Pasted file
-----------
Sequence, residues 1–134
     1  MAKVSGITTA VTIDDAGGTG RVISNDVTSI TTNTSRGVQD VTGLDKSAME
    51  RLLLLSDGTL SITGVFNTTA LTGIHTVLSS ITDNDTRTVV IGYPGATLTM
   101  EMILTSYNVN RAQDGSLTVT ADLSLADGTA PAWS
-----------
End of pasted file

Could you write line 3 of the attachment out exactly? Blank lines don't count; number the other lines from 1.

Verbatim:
    51  RLLLLSDGTL SITGVFNTTA LTGIHTVLSS ITDNDTRTVV IGYPGATLTM